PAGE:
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When The Saints Come Marching In: Effects of Hurricanes Katrina and Rita on Student Evacuees

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  • Bruce Sacerdote

Abstract

I examine academic performance and college going for public school students affected by Hurricanes Katrina and Rita. Students who are forced to switch schools due to the hurricanes experience sharp declines in test scores in the first year following the hurricane. However, by the second and third years after the disaster, Katrina evacuees displaced from Orleans Parish appear to benefit from the displacement, experiencing a .15 standard deviation improvement in scores. The test score gains are concentrated among students whose initial schools were in the lowest quintile of the test score distribution and among students who leave the New Orleans MSA. Katrina evacuees from suburban areas and Rita evacuees (from the Lake Charles area) eventually recover most of the ground lost during 05-06 but do not experience long term gains relative to their pre-Katrina test scores. High school age Orleans evacuees have higher college enrollment rates than their predecessors from the same high schools. Meanwhile, Katrina evacuees from the suburbs experience a 3.5 percentage point drop in their rate of enrollment in four year colleges. Those evacuees do not to make up for the decline in the subsequent two years. Later cohorts of suburban New Orleans evacuees are unaffected. The results suggest that for students in the lowest performing schools, the long term gains to achievement from switching schools can more than offset even substantial costs of disruption.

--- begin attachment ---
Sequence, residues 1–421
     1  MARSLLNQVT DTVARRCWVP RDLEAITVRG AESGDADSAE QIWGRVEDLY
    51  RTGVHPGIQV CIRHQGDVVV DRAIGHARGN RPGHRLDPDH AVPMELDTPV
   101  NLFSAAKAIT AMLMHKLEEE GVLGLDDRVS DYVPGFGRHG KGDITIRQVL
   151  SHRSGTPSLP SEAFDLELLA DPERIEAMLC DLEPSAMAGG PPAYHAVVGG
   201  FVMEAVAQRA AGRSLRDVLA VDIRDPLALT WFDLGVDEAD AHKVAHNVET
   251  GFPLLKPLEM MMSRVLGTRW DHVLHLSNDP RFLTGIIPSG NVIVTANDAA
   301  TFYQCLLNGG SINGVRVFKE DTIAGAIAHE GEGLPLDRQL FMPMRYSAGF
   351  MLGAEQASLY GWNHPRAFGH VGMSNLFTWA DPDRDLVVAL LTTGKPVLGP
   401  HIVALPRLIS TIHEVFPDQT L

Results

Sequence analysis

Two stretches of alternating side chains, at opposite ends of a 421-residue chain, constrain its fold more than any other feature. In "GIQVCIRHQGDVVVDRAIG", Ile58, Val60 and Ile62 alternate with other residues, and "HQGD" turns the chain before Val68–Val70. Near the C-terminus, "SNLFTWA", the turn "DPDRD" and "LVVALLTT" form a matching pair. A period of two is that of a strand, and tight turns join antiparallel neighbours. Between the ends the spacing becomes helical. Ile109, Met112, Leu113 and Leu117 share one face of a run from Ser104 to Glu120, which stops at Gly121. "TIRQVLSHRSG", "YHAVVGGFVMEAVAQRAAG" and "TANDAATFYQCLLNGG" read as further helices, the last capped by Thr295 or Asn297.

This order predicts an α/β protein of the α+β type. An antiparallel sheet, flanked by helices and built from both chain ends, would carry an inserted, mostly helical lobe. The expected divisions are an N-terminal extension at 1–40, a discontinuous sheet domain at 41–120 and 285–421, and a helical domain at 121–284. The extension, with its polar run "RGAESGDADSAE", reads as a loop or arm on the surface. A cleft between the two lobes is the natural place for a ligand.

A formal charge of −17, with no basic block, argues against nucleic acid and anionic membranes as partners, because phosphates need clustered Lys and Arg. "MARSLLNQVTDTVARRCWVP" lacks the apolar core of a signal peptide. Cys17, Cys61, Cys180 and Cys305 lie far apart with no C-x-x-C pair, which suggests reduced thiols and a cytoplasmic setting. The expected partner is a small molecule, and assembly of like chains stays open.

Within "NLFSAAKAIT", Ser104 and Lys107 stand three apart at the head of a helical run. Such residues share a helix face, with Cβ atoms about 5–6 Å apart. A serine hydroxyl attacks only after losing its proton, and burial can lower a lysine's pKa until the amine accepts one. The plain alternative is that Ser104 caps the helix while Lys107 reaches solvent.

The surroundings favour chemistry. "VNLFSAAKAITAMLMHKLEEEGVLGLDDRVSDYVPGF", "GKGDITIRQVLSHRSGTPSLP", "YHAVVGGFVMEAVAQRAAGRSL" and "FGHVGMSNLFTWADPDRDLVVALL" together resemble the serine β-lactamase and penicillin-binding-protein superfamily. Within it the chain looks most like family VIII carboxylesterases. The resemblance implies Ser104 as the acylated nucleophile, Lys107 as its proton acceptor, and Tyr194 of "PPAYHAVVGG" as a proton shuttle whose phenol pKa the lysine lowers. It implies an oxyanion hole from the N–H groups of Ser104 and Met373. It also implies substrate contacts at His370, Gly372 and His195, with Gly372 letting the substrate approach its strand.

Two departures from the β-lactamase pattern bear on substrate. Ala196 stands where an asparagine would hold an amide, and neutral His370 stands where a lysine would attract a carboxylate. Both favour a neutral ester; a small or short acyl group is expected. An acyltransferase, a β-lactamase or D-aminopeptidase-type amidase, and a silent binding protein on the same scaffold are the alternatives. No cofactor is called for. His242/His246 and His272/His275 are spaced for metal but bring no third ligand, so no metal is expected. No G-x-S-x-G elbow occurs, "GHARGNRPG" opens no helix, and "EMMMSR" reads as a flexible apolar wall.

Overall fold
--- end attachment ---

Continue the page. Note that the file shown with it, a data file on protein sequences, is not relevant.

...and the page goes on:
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Bibliographic Info

Paper provided by National Bureau of Economic Research, Inc in its series NBER Working Papers with number 14385.

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Date of creation: Oct 2008
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Publication status: published as Sacerdote, Bruce. 2012. "When the Saints Go Marching Out: Long-Term Outcomes for Student Evacuees from Hurricanes Katrina and Rita." American Economic Journal: Applied Economics, 4(1): 109-35. DOI: 10.1257/app.4.1.109
Handle: RePEc:nbr:nberwo:14385

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  1. Jeffrey R. Kling & Jens Ludwig & Lawrence F. Katz, 2005. "Neighborhood Effects on Crime for Female and Male Youth: Evidence from a Randomized Housing Voucher Experiment," The Quarterly Journal of Economics, MIT Press, vol. 120(1), pages 87-130, January.
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  3. Eric A. Hanushek & John F. Kain & Daniel M. O'Brien & Steven G. Rivkin, 2005. "The Market for Teacher Quality," NBER Working Papers 11154, National Bureau of Economic Research, Inc.
  4. Steven G. Rivkin & Eric A. Hanushek & John F. Kain, 2005. "Teachers, Schools, and Academic Achievement," Econometrica, Econometric Society, vol. 73(2), pages 417-458, 03.
  5. Joshua D. Angrist & Kevin Lang, 2002. "How Important are Classroom Peer Effects? Evidence from Boston's Metco Program," Upjohn Working Papers and Journal Articles 02-85, W.E. Upjohn Institute for Employment Research.
  6. Vigdor Jacob L, 2007. "The Katrina Effect: Was There a Bright Side to the Evacuation of Greater New Orleans?," The B.E. Journal of Economic Analysis & Policy, De Gruyter, vol. 7(1), pages 1-40, December.
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Cited by:
  1. Thomas K. Bauer & Sebastian Braun & Michael Kvasnicka, 2011. "The Economic Integration of Forced Migrants – Evidence for Post-War Germany," Ruhr Economic Papers 0267, Rheinisch-Westfälisches Institut für Wirtschaftsforschung, Ruhr-Universität Bochum, Universität Dortmund, Universität Duisburg-Essen.
  2. Wenzel, Lars & Wolf, André, 2013. "Protection against major catastrophes: An economic perspective," HWWI Research Papers 137, Hamburg Institute of International Economics (HWWI).

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